An Arsenal youngster was reportedly given a five-match ban and sent on a racial education course after calling an opposition player a ‘f***ing monkey’ during a game.

In a column in in the Sunday Mail, Gary Holt, the former Stoke, Kilmarnock, Norwich and Nottingham Forest midfielder and manager of Scotland, Falkirk and Livingston, revealed that he had been involved in a game which involved an Arsenal youngster being racially abusive.

It seems to have taken place following an u18s game against Norwich between 2010 and 2013. Holt was in charge of their u18s at the time.

Racism, of course, has been in the spotlight this week after what happened with England in Bulgaria, but as we saw at Haringey Borough on Saturday, when they walked off because their keeper was being racially abused, this is not a problem specific to any one country or club.

No matter how much the Mail, Telegraph and the rest of the right wing press try to make this about ‘them foreigners’, it’s a problem that is rife in the UK also, as Holt’s story shows.

Arsenal are one of the most racially diverse clubs on the planet with a fanbase that spans all colours, nationalities, religions, genders and sexualities. If someone there can come out with this crap, you know it can (and does) happen anywhere.

“I honestly couldn’t properly define what a racist is but the root cause is a lack of education,” Holt writes.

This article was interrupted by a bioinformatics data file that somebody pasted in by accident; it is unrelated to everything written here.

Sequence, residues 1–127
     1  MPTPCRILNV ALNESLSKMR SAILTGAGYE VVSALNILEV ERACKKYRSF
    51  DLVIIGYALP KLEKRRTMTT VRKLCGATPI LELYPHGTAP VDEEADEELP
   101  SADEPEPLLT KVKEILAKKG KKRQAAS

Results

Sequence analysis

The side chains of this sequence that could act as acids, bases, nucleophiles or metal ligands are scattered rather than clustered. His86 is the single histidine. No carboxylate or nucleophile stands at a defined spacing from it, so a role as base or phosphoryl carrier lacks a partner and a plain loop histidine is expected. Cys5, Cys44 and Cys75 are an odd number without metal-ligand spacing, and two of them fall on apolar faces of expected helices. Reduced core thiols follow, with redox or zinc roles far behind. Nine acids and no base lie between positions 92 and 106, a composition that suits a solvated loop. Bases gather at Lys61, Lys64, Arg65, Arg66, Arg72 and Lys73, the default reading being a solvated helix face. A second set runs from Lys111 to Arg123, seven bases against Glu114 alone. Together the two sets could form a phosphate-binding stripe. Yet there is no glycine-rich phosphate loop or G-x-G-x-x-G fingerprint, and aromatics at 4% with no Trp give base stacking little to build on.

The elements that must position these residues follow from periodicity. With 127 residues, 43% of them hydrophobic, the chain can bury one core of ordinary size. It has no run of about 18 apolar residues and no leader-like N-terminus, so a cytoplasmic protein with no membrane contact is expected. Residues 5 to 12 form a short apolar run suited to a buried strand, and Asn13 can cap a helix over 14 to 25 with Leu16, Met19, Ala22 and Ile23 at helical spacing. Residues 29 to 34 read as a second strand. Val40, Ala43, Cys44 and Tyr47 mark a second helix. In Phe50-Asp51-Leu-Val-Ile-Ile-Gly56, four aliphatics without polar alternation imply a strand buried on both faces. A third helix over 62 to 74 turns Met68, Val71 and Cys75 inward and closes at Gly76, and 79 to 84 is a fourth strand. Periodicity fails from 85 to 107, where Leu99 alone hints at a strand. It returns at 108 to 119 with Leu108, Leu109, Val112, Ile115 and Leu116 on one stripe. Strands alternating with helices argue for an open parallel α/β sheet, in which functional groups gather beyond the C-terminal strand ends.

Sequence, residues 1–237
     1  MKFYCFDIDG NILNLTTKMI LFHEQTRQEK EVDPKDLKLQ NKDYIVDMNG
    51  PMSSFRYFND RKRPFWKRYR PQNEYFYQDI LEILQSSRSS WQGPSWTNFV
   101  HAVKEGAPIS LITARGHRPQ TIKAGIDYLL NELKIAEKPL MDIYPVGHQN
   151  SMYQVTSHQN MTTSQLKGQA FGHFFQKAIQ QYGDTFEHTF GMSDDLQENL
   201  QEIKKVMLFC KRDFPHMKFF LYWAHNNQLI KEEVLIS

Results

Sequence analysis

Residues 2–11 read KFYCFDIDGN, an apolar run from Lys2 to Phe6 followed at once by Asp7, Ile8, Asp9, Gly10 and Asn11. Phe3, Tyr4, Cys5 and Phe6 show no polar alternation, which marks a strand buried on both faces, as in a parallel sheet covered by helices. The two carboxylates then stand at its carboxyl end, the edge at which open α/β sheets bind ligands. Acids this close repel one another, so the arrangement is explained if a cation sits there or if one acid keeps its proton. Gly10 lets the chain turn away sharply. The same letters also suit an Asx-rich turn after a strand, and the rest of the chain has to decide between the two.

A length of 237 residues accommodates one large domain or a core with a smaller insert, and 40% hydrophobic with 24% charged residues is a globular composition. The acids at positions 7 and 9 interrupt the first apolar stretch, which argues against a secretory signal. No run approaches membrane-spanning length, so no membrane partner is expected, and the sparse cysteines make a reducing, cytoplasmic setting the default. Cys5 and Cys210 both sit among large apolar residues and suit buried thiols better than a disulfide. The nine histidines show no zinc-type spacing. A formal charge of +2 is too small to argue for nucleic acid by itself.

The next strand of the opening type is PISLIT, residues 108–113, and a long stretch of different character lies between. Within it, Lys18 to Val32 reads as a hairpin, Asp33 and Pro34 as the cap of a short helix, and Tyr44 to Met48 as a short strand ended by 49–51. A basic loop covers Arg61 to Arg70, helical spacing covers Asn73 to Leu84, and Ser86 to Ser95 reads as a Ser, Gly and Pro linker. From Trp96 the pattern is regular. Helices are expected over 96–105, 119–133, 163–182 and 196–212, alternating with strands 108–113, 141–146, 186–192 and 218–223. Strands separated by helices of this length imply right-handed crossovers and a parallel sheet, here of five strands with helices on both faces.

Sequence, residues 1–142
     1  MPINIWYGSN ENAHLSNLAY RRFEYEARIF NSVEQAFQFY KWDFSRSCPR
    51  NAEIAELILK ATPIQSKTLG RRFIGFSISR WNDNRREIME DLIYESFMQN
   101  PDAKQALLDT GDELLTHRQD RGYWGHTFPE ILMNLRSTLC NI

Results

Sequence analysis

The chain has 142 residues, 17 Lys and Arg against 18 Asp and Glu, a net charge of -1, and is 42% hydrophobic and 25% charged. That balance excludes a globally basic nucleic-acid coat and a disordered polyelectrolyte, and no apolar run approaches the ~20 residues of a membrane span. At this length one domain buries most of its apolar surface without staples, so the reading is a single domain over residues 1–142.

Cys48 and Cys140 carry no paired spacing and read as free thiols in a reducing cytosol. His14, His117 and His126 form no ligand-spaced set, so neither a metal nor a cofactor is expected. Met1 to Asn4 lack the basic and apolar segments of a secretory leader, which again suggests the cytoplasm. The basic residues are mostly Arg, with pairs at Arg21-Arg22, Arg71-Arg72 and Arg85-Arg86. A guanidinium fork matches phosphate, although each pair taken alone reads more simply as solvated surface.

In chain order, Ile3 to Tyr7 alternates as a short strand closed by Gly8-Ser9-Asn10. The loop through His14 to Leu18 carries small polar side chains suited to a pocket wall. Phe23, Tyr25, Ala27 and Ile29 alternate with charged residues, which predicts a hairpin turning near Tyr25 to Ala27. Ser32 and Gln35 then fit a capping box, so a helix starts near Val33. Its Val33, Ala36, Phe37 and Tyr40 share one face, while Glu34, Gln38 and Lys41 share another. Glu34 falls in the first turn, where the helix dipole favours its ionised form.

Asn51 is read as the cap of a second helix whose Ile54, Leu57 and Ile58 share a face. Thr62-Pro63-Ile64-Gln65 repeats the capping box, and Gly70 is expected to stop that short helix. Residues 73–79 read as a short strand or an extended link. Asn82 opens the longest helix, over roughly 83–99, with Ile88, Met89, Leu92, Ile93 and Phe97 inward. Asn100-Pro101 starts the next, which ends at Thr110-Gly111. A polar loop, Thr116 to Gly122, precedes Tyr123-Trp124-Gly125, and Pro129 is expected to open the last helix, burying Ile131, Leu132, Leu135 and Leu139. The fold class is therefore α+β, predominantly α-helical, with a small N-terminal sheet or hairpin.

“During my time at Norwich’s Academy, I was involved in a case where one of our Under-18 kids was subjected to a shocking remark from an Arsenal player.

“I heard it and the linesman heard it too. Our player was called a “f****** monkey”.

“Clear as day and with no room for doubt – it was a shocking thing to hear.

“Our player was a big lump of a boy and was raging – he wanted to kill his abuser.

“I could understand entirely why he was so upset and thought about letting him loose to dish out a bit of instant justice – but we calmed him down.

“The Arsenal boy had to face the music – a five-game ban as well as attending a course of racial education.

“It brought it home that it’s both a lack of intelligence as well as education that has some people abusing others because of the colour of their skin.”

As his column is in the Mail on Sunday, it’s no surprise to see him both talk about racism he witnessed in England and Scotland and then write, “Not enough is being done to tackle this issue and it’s again starting to creep back into football. Some of the Eastern European nations appear to have had a rise in racist incidents and it’s a real concern.

“UEFA need to properly address it by imposing severe sanctions and show it won’t be tolerated.”

But, as we just discussed, this is not an issue restricted to Eastern Europe and to frame it as such limits what we can do to address it on our own doorstep.

“As a player,” he goes on, “I never experienced any racist abuse personally but I know it happens.”

That’s probably because you’re white, Gaz.

Just a theory.